Dr. Dallas Anderson [00:25:11]:
And then the other ones were sort of a bit broader. And and sometimes My dissertation adviser would be a coauthor, but I think on that first one, I might have been all by myself. They just thought I should have at least 1 paper where I’m the only author. That dissertation adviser, he treated me like family. So I literally I mean, I would go over to his house and stuff, and I had a couple of daughters They were more or less my age, and one of them moved to Washington. And so when I moved to the Washington area, he would come out to visit his daughter, and and And he would get together with me too. I mean, not the 3 of us, but he would find time for me while he was out there with family, and then he also had Some business that he was doing there as well. But at the dissertation level, he’s so famous that he just showed up at the Census Bureau and said that he would like to have a A research contract to support me and also have some money for him, and they just said yes.

Dr. Dallas Anderson [00:26:06]:
So my Actual dissertation work beyond beyond the coursework was funded by this contract with the Census Bureau. And then when I got to Bethesda, They wanted me to come over to the Census Bureau to give a seminar on my dissertation, essentially, which they had helped to fund and you’re saying, and I did that, and I was happy to do it.

Dr. Christopher Lewis [00:26:26]:
Now you’ve given a lot of piece of advice today, a lot of things for people to think about in their own journey. As you think back To the the journey that you went on yourself and the journey that you went through, and you think about others that are coming along now that are thinking about graduate school. What are some tips that you might offer others considering graduate education that would help them define success?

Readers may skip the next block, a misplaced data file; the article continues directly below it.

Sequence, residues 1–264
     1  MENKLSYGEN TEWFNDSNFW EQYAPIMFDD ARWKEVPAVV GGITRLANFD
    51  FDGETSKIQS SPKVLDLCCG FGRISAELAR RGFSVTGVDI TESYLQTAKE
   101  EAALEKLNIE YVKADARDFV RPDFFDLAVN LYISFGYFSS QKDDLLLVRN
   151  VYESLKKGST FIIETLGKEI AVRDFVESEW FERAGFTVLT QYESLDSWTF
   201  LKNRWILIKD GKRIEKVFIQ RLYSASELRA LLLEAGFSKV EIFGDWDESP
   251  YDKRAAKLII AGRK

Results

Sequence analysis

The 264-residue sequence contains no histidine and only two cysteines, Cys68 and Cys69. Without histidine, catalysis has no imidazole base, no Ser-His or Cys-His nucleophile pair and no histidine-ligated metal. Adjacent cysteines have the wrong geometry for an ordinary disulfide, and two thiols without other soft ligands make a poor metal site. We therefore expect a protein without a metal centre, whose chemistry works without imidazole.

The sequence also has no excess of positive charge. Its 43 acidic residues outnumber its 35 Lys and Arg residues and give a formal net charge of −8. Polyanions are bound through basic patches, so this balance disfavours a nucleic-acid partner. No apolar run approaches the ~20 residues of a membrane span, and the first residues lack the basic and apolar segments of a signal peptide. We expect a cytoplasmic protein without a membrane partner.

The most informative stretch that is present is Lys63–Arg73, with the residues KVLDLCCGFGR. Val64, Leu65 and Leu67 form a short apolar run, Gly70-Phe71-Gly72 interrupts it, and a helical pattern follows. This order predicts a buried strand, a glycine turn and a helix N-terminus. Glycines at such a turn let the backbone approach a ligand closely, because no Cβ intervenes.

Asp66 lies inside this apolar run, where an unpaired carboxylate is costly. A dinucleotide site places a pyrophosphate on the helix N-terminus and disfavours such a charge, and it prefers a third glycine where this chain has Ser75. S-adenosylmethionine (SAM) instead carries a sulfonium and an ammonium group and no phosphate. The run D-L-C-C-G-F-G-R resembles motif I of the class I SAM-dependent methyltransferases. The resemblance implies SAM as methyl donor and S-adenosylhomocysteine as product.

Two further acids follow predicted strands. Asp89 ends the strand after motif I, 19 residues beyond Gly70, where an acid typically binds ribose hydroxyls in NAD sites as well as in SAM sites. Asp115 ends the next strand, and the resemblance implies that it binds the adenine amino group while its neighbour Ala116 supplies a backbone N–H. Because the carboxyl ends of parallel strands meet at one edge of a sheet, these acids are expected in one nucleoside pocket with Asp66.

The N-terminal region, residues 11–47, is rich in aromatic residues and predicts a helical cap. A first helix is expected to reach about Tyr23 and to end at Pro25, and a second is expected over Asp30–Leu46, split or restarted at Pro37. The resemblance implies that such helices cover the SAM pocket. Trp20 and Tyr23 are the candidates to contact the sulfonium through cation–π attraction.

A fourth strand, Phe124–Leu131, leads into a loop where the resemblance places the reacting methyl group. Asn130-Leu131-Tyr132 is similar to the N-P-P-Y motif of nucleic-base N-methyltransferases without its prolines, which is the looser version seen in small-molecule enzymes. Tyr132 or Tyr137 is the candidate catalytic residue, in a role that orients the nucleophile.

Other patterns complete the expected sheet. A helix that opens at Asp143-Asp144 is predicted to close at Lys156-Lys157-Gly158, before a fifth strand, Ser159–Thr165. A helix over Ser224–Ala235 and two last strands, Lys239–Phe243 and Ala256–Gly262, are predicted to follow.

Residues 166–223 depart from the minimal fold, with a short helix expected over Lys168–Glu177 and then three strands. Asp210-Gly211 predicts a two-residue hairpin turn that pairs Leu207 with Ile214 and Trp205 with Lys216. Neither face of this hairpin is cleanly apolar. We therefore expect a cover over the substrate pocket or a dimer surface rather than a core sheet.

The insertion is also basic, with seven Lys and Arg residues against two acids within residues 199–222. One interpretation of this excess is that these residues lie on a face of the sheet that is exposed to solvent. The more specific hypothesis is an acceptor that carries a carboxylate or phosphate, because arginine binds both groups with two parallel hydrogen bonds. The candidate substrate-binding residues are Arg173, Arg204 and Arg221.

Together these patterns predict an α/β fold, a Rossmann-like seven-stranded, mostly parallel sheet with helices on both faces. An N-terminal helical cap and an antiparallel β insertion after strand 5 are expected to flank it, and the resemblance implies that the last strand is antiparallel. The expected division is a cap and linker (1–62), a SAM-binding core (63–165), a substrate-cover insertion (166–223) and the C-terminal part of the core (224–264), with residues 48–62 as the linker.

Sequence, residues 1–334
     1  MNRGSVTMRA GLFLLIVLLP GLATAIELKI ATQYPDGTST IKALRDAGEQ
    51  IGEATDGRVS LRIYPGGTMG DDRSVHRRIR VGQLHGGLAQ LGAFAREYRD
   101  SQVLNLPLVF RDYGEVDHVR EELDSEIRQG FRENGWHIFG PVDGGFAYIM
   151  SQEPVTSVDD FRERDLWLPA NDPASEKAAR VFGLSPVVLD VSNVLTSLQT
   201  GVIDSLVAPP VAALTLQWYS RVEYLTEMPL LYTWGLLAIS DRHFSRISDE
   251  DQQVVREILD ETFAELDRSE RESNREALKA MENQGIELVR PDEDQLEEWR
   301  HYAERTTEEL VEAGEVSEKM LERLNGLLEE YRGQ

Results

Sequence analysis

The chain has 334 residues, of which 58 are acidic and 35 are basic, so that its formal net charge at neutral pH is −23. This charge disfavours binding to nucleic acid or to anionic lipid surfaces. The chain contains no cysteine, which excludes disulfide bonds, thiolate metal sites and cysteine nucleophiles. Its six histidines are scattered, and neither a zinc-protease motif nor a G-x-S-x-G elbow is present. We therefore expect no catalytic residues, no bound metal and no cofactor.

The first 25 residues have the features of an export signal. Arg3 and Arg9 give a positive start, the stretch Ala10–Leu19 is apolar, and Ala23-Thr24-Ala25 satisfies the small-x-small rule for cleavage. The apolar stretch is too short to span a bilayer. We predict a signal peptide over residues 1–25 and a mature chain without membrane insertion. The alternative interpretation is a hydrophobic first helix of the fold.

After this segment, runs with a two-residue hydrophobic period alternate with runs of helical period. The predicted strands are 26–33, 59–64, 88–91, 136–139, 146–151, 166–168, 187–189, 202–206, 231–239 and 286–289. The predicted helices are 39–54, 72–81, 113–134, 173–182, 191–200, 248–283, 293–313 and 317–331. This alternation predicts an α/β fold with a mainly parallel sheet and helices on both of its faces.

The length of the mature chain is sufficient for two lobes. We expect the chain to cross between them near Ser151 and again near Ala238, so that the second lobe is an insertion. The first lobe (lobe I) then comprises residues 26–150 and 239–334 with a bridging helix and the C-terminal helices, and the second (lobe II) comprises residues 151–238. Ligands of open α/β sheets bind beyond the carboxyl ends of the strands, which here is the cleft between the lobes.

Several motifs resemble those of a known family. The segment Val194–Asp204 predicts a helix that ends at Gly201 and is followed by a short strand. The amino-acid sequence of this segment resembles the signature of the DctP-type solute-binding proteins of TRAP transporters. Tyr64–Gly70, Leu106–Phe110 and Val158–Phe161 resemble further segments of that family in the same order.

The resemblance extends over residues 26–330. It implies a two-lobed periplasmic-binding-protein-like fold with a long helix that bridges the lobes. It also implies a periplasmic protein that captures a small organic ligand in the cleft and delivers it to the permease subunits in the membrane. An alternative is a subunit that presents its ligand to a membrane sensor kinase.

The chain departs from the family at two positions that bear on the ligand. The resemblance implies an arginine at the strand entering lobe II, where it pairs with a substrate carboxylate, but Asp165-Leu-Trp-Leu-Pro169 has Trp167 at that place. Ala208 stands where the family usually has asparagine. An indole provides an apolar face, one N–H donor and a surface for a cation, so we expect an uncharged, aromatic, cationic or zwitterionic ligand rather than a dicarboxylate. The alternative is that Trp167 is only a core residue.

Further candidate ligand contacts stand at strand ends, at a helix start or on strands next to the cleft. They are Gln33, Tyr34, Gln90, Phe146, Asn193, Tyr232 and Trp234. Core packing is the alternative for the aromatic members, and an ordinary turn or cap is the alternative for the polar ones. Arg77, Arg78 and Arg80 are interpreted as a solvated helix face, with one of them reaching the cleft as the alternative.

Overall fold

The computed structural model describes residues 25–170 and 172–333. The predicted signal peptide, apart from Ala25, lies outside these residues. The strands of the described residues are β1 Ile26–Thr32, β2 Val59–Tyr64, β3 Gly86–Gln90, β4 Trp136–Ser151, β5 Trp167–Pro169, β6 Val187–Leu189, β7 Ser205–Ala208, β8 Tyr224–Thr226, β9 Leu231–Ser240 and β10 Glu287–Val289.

Dr. Dallas Anderson [00:26:49]:
I think they need to get comfortable with the graduate program would be a focus on something, and they might even have More than one possibility, and so they really need to come to a decision about which direction to take. And this is not something you you might do for a week. Thinking about it for a week, you got your whole undergraduate time to think about the next Yeah. And so that would be the first thing is to okay. What are you gonna do? And then of Michigan was great. I knew that it was attracting people from all over the world, actually, as Students. And so I never questioned my decision to go to Anheuser. It just was a natural thing.